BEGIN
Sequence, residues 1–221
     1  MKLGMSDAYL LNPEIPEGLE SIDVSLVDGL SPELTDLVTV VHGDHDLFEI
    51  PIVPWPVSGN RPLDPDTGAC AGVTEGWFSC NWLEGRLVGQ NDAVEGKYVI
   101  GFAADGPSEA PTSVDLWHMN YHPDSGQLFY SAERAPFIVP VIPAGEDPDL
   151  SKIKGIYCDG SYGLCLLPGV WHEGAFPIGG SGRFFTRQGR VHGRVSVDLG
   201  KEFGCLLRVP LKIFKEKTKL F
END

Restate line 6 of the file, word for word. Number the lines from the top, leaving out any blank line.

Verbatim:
   201  KEFGCLLRVP LKIFKEKTKL F